It stated that the solid minerals sector contributed 0.12 per cent to the country’s Gross Domestic Product in 2015, a marginal increase of 0.01 per cent on the 0.11 per cent contributed by the sector in 2014.

“This report shows evidence that the contribution of the solid minerals sector to government revenues and macro-economic indicators is beginning to improve, even if marginally,” the Executive Secretary, NEITI, Waziri Adio, said.

The report highlighted the specific contributions by companies and states to the sector’s revenue growth and development.

Cement manufacturing companies were the major revenue contributors to the sector, accounting for over 60 per cent; while construction companies and real mining companies contributed about 31 per cent and eight per cent, respectively.

The report stated that three states, Ogun, Kogi and Cross River, and the Federal Capital Territory accounted for about 70 per cent of the production volumes in 2015, with Ogun State topping the table with 36 per cent.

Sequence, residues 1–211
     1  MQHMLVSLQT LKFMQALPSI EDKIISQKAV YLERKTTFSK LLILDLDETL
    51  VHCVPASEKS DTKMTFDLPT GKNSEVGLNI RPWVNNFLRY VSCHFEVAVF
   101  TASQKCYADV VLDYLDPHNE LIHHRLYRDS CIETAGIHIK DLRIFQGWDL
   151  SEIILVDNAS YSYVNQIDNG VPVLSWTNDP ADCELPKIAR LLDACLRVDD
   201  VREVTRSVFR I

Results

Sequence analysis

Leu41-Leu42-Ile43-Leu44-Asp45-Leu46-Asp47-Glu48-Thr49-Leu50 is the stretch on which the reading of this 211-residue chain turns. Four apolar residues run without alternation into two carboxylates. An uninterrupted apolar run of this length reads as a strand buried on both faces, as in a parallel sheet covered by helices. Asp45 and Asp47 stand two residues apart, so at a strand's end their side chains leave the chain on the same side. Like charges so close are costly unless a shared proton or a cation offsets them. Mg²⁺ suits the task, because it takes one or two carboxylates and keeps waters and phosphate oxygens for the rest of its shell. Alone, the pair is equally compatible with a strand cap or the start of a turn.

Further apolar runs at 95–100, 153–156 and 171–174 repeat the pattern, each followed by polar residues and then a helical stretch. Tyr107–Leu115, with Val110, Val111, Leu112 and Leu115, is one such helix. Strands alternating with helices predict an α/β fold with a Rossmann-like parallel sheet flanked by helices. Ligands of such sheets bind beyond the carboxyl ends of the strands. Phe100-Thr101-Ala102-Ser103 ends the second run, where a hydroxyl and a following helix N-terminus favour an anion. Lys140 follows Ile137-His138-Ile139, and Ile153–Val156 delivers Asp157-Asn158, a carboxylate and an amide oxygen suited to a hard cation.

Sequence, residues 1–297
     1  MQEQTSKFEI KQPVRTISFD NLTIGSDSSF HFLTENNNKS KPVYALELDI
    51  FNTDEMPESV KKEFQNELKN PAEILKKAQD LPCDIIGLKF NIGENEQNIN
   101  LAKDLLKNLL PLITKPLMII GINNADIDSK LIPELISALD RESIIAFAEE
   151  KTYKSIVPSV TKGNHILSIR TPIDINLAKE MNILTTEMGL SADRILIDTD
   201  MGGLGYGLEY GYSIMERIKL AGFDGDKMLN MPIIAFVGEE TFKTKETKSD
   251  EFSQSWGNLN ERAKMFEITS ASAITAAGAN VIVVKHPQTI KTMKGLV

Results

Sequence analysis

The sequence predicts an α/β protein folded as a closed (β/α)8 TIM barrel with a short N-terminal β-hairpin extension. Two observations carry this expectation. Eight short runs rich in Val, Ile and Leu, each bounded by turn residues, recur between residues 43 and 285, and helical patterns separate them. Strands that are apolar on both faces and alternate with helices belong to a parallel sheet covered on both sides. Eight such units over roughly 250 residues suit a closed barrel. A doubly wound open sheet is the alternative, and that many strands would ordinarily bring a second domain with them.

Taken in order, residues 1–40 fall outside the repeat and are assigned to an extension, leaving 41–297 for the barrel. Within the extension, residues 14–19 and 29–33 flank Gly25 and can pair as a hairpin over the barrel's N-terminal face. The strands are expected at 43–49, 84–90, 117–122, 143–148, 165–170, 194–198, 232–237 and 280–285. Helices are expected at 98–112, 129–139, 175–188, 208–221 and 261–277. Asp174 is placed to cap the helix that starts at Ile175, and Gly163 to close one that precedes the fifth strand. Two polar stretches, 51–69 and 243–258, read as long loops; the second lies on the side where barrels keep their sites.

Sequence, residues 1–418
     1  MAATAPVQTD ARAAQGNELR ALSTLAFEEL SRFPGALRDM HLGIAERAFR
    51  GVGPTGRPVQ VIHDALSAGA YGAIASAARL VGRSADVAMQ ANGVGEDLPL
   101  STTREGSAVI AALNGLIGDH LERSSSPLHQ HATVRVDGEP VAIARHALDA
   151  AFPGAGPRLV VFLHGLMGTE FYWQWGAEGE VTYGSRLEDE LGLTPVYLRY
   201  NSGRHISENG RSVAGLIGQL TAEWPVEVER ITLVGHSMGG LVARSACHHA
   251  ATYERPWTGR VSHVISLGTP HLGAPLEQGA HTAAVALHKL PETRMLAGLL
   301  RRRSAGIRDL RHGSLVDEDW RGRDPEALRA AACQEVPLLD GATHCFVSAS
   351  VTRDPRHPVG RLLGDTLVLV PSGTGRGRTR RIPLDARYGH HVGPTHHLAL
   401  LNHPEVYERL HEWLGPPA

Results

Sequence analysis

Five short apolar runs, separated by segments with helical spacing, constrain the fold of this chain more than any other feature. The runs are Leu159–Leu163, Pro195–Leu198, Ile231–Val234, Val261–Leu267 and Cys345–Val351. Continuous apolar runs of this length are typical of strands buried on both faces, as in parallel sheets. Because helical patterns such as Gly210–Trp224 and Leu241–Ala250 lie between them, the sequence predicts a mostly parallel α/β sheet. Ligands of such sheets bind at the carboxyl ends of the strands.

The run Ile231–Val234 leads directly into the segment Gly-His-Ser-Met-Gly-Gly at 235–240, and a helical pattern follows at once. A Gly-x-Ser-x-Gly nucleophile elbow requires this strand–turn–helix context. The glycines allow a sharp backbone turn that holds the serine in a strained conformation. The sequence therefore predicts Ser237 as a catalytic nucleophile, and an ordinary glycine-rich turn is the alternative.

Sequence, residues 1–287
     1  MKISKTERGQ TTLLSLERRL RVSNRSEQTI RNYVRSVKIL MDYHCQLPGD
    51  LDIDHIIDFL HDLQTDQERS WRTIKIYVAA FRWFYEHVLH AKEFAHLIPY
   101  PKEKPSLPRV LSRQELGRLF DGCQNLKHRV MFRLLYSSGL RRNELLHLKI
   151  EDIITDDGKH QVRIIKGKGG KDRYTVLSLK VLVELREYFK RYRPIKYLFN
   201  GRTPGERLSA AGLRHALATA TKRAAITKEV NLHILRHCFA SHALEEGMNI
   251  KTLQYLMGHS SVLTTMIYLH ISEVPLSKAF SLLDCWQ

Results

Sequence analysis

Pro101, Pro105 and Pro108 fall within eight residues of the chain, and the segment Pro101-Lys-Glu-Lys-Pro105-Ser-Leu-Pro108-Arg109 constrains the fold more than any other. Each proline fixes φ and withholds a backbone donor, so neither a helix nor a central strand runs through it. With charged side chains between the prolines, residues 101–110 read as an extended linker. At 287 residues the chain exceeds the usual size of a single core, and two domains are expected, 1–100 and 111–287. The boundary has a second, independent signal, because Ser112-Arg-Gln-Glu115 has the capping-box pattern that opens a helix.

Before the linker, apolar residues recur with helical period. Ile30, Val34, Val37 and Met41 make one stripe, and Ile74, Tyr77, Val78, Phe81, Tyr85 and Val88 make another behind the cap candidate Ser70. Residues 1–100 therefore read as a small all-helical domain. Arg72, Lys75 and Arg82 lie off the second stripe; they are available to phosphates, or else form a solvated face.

According to the report, a total of 4,305 mineral titles were valid in 2015. Of this figure, 204 titles were mining leases; 657 were for small-scale mining; 1,865 for quarrying licences, while exploration licences accounted for the remaining 1,579.

It noted that 1,220 of the 4,305 mining titles were issued in 2015 alone.

The agency also stated that the NEITI 2015 oil and gas report would be released next month.

The solid minerals audit report recognised the progress being made by the government towards repositioning the sector to be a major driver of the economic and revenue diversification agenda of the present administration.